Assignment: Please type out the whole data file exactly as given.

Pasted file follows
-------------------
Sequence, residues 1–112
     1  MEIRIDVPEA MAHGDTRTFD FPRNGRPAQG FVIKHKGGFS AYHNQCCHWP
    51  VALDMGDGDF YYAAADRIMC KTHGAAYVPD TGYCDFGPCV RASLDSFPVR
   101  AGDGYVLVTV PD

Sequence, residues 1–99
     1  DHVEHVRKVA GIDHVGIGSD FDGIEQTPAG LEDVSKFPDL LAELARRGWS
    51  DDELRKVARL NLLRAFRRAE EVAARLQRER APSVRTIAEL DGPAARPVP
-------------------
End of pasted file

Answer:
Sequence, residues 1–112
     1  MEIRIDVPEA MAHGDTRTFD FPRNGRPAQG FVIKHKGGFS AYHNQCCHWP
    51  VALDMGDGDF YYAAADRIMC KTHGAAYVPD TGYCDFGPCV RASLDSFPVR
   101  AGDGYVLVTV PD

Sequence, residues 1–99
     1  DHVEHVRKVA GIDHVGIGSD FDGIEQTPAG LEDVSKFPDL LAELARRGWS
    51  DDELRKVARL NLLRAFRRAE EVAARLQRER APSVRTIAEL DGPAARPVP